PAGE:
Year-End Followup

30Dec14

As 2014 come to a close, people tend to look back and reflect on the year that was. For those who blog about technology, it’s a good time to take stock of the predictions and punditry unleashed on the world to see how much of it was on the mark and what turned out to be little more than rumor-mongering, false conclusions, and general numbskullery.

Herewith are some thoughts on my older posts and the way things turned out.

Aereo

Remember them? Aereo was thought to be a serious threat to television broadcasters and cable TV providers right up to the point where they lost their case in the United State Supreme Court. Personally, I thought their argument had merit (as did the lower courts), and that if they had positioned their company as a “hardware rental” service rather than a streaming video distributor, they might have done better in their final battle. I still feel that their methodology didn’t violate copyright and was a perfectly logical (and clever) workaround. The High Court basically categorized Aereo as a cable TV company. Afterwards, though, when Aereo tried to be treated as a cable company (and obtain redistribution rights from broadcasters as guaranteed by law with proper fees, etc.), they were rebuffed once again.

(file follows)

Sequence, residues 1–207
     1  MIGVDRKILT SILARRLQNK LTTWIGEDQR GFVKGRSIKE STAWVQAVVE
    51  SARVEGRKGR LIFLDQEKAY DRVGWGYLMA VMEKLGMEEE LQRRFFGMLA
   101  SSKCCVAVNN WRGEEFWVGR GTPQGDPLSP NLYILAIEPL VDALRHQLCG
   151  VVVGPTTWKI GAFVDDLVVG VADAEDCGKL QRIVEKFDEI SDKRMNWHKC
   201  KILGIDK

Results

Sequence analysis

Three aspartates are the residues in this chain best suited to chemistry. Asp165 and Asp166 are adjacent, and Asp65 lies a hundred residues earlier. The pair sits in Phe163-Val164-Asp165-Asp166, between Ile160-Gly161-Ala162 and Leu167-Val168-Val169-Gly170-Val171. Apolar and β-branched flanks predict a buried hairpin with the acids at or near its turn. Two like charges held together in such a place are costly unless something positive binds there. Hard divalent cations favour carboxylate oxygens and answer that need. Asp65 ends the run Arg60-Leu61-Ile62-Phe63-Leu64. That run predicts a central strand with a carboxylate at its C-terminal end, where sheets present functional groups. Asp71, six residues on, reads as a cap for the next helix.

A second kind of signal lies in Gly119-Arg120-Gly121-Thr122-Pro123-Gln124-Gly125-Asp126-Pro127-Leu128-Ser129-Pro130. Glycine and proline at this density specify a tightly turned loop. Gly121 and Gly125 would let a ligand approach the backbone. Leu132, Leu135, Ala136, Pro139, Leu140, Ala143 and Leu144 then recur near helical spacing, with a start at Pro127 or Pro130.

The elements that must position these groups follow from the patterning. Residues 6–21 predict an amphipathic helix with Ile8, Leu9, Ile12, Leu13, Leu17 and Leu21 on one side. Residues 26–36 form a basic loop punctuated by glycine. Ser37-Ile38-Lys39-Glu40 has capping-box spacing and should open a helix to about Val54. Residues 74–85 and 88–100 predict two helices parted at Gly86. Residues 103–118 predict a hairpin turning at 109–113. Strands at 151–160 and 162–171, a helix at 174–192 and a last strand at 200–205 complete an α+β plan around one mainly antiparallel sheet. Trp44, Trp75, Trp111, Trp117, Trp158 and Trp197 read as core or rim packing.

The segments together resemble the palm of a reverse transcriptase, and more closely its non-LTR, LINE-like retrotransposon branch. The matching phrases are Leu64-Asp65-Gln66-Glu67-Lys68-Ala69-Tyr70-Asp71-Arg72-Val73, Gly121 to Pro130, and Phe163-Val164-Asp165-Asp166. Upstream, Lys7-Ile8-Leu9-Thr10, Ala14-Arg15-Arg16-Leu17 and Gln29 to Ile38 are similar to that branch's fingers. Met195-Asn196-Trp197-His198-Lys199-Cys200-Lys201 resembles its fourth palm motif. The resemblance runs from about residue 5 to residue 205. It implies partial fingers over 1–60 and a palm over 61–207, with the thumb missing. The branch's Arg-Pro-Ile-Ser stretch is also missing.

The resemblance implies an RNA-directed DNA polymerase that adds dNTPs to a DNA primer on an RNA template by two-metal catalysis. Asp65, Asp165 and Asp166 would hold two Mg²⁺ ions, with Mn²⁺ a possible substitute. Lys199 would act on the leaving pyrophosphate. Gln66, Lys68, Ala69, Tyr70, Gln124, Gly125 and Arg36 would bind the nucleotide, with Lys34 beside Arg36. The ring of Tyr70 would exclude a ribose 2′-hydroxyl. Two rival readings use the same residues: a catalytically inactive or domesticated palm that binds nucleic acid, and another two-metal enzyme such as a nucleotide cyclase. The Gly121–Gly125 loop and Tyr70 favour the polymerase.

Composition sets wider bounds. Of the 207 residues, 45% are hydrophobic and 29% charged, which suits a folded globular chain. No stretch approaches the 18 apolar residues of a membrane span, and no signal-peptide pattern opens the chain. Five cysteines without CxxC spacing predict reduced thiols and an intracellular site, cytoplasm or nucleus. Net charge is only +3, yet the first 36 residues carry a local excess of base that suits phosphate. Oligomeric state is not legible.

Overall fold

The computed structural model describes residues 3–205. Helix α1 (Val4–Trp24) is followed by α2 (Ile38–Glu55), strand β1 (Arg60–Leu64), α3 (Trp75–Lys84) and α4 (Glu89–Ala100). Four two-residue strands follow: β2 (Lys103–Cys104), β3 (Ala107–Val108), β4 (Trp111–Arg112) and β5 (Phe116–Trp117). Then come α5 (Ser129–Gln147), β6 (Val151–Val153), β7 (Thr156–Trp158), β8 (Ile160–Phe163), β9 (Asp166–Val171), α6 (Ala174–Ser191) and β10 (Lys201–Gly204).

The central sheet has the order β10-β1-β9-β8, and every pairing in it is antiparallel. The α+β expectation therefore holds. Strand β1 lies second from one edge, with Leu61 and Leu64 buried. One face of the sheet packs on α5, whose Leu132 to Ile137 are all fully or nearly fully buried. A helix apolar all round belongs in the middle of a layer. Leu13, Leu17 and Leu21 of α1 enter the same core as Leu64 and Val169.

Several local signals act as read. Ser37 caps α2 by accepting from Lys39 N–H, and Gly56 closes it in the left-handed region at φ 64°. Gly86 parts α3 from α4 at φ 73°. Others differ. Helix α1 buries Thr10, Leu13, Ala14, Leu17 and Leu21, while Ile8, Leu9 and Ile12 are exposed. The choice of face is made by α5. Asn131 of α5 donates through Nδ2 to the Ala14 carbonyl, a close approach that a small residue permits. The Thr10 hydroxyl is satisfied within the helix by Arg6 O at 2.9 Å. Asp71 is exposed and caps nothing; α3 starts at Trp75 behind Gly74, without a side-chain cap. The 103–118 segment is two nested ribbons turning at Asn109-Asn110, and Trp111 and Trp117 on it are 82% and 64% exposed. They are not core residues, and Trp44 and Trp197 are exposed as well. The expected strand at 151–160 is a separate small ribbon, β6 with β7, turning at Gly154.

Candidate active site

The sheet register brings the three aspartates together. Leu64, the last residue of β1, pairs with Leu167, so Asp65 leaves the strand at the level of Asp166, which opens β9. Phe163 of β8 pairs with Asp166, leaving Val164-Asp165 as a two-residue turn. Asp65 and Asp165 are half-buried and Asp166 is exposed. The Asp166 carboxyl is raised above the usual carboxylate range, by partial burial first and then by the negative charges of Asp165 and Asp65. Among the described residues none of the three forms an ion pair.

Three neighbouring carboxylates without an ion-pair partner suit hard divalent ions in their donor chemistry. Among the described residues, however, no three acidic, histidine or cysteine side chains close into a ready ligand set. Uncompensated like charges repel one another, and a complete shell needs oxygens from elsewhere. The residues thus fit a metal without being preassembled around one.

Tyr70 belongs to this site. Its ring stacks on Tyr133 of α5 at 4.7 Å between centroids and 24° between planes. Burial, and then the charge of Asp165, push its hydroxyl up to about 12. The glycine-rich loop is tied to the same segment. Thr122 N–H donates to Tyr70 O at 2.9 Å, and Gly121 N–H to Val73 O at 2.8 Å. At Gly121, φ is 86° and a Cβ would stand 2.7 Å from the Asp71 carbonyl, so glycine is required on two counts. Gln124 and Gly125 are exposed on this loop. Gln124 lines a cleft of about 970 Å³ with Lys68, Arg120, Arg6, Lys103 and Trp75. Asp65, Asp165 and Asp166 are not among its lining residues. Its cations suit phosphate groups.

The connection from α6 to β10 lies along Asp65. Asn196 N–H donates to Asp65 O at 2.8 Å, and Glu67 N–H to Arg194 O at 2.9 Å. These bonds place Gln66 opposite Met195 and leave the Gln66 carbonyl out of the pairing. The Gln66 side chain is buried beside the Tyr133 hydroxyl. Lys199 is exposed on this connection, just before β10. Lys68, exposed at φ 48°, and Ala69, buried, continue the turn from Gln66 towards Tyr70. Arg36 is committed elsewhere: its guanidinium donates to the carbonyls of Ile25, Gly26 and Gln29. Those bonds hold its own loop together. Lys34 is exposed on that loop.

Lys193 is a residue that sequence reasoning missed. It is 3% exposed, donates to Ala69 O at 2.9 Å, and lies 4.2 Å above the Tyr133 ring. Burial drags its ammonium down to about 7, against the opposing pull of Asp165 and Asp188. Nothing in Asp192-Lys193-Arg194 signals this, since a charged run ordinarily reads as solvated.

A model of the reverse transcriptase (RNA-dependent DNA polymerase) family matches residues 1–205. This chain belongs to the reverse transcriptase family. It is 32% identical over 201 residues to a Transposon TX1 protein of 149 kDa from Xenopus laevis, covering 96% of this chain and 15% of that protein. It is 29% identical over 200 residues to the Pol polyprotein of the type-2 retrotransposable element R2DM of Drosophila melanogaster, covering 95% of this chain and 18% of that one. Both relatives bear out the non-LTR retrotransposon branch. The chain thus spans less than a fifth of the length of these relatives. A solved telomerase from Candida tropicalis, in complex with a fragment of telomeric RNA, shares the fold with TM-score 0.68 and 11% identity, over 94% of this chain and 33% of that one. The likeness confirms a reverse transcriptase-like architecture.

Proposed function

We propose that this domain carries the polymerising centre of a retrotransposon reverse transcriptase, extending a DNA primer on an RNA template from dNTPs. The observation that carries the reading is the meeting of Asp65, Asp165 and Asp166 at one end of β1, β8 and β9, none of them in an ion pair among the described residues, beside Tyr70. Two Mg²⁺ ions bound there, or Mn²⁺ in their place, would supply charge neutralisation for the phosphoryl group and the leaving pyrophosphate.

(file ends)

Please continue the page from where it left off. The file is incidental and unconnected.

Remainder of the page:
So now Aereo is legally a cable company but not one that can actually become a cable company, achieving the networks’ goal of erasing Aereo from the television landscape and firing a strong shot across the bow of anyone else contemplating such tactics. My prediction: Network television will at some point be streamed on the internet, and the companies doing it will be the networks themselves.

Apple Television Set

Almost two years ago, I predicted that there would be no Apple television set, a mythic beast that is predicted on a yearly basis by other tech writers. So far, we haven’t seen one, and I still don’t see it coming. It remains to be seen what Apple will do to keep its Apple TV streaming media box competitive with the likes of Roku, Amazon’s Fire TV, and Google’s Chromecast devices, not to mention that almost all Blue-Ray players and gaming consoles can also deliver streaming video.